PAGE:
Wednesday, March 25, 2009

Pesach Prices

As many of you know, Assemblyman Dov Hikind has been advocating price regulation this Pesach, due to the economic state.

Every year, we whine about the price increases that come with Pesach; many of which never seem to go away. I remember writing a piece inquiring about the inflated meat prices.

People suggest that the butchers sell Kosher L'Pesach meats in advance, not for the Martha Stewart-types whose kitchens are pesachdik two days after Purim, but to enhance their own bottom lines.

This year, finally, things are different. We are no longer tolerating price gauging.

Pesach is expensive regardless. Even with stable prices, Pesach food is an expense. Between Matzah and wine, depending on the size of your family, you've already been set back a significant amount of money.

I am not G-d forbid implying that this is a burden. Can you think of a better way to spend the money that G-d has given you than on a mitzvah?

I'll take what I can get, and am satisfied with the current war on price gauging -- that is, if it successful. Yet, I would like to know what took so long for people to step up to the plate, and say "no more"?!

Clearly, the fact that our economy is in shambles is what motivated people to finally take a stand.

But why not until now? !

Wednesday, March 11, 2009

Purim 2009

This year, my brother said he might be going to a different shul to hear megillah. One that is considered modern orthodox, rather than the, well, they call-themselves-yeshivish one my parents usually go to.

I was enthusiastic about joining him, even though we weren't sitting together.

I walked into the women's section, and thought, "Great. I can handle this." I didn't know anyone there, but I imagined they'd be pretty friendly. Three teenagers approached me and asked if the seats next to me were taken. They in fact weren't. The girls requested that I, and the woman seated next to me, moved down one. "Thank you," they replied. "Sure," I said, thinking they'd initiate conversation.

"Ohhmiiiiigoooooooodddddd!!!!!!!" One immediately shrieked. Her friend was directly behind her, and they all suddenly had, "like, the funniest, like, story," to tell.

These girls were dressed pretty much how I would dress. Casually. Denim skirt. Ugg boots. Although I wore a long black skirt, and my "Ugg"s are $50 Skechers, I knew people weren't looking me up and down, analyzing my clothing to pieces. I was dressed pretty much on their caliber.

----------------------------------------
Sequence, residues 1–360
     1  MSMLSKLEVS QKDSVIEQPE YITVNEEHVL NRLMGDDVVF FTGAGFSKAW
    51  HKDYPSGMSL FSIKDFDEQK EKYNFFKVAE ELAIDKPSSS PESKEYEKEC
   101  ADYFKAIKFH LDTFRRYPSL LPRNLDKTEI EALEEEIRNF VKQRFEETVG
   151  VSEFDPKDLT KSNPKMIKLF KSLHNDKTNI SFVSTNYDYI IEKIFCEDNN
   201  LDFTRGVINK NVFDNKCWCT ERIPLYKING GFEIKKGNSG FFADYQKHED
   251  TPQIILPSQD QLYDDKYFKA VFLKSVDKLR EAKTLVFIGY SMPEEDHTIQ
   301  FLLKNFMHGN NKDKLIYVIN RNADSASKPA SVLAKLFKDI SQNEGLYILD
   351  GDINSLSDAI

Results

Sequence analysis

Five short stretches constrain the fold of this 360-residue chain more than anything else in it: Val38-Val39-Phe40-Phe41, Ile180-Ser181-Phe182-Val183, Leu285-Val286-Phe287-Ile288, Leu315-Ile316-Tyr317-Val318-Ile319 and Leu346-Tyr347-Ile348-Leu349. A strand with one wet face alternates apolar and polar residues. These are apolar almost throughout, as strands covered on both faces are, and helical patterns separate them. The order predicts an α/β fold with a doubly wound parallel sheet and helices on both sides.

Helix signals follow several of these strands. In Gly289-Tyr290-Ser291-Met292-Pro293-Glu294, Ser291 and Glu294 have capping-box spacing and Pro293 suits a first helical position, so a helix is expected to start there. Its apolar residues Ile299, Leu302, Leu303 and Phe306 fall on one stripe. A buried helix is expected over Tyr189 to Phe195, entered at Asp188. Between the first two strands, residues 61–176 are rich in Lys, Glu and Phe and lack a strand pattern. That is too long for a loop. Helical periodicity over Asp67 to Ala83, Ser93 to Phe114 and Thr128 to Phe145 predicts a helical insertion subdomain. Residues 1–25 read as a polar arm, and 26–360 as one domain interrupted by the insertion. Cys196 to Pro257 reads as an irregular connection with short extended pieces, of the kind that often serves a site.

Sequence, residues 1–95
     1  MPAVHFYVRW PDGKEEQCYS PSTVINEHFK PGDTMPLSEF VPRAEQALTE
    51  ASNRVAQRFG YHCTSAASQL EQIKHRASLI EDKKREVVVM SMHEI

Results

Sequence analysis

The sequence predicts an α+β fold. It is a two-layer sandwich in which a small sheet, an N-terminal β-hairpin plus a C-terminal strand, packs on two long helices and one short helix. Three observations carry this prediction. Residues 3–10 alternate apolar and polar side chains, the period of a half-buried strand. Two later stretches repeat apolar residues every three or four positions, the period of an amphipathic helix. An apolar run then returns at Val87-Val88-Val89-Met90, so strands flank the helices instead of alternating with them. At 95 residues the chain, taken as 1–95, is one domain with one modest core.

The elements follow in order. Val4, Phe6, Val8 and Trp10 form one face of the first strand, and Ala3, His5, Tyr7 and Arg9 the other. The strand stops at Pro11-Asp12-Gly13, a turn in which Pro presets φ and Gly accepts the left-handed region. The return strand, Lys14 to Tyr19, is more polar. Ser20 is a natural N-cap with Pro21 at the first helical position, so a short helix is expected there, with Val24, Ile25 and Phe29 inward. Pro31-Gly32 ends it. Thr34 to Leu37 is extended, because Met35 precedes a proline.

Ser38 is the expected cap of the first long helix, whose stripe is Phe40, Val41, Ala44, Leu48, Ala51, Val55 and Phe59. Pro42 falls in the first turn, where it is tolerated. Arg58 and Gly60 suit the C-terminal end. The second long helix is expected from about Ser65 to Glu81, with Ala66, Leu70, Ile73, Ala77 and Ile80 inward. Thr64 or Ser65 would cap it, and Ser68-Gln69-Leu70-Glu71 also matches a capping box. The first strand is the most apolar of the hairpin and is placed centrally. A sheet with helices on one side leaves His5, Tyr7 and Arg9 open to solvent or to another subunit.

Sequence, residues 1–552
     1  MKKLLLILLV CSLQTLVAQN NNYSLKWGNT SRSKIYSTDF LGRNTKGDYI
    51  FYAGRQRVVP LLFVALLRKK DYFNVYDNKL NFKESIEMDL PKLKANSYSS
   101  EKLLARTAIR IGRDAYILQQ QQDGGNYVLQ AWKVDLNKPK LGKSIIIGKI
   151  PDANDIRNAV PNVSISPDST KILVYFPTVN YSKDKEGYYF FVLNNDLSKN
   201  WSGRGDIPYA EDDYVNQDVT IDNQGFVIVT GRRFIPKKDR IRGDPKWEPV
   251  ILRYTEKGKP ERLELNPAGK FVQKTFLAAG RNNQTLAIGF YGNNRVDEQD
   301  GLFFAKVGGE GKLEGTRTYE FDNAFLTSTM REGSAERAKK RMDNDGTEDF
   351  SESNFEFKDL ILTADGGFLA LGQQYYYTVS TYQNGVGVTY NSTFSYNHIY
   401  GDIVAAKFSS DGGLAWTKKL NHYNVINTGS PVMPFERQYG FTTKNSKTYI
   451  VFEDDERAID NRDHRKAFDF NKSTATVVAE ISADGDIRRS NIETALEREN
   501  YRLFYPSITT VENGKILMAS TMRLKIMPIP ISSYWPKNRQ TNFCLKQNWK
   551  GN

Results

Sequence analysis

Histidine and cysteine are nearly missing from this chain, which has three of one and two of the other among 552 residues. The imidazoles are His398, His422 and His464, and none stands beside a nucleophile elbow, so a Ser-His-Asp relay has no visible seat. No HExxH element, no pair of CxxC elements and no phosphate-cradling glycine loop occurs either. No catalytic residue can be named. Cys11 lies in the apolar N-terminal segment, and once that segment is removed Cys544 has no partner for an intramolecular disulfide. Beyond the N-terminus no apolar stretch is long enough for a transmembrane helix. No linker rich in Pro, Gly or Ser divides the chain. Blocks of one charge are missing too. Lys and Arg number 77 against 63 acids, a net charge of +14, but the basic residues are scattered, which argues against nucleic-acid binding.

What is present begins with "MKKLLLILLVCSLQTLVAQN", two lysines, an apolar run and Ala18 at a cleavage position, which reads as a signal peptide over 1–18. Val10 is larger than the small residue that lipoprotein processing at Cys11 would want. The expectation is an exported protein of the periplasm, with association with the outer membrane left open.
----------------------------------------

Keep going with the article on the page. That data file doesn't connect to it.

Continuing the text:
Megillah finally started, and they were quiet. Till the middle of Perek Alef. "Omigod, like, how much do we have left?" one said, between smacks of gum. "Where are we up to?" Another barely whispered. "Look - he's so cute!" One began. Another was TXTing. This was a constant conversation - as if they were in a pizza shop.

I thought back to a teacher in high school who told us she went to hear Megillas Esther 4 times because she wasn't yotzei. Sorry, I'm not on her madrega.

My mind raced. I fought to keep up; concentrating on the meaning of the words was out of the question. What was really going through my mind was, "did I catch that word?" and "how can I tell these girls off without having them call me a bitch the minute I turn around?"

Besides, I couldn't talk during megillah anyway.

That was Purim night.

Rewind a year. I walked into my parents shul, and remembered I was supposed to have dressed up. No, not in costume. Fancy I mean. What I wore all day would not suffice for this crowd.

I wasn't in a stained denim skirt or anything. I was casual. Probably the same black skirt, knit sweater.

And I was completely ignored - well, other than the up-down-and-away looks I received upon entry. You couldn't pay those girls to be seen with me.

I had completely forgotten that in that shul, young women must always have their hair perfectly styled. Blown dry to perfection; not a strand out of place. A ponytail? Not if you're over the age of 8. Fresh make-up must also be applied before attending megillah. (Not the case in the MO shul)

So, I begin to wonder: Are my only options people who dress like me, but talk during megillah, or people who dress to kill, and judge me by my clothes, but remain silent?

Like Big Bro #2 always says, "Death of the in-betweeners," right?

(I already discussed the issue of kids in another post, so I didn't bother here. That'd be repetitive.)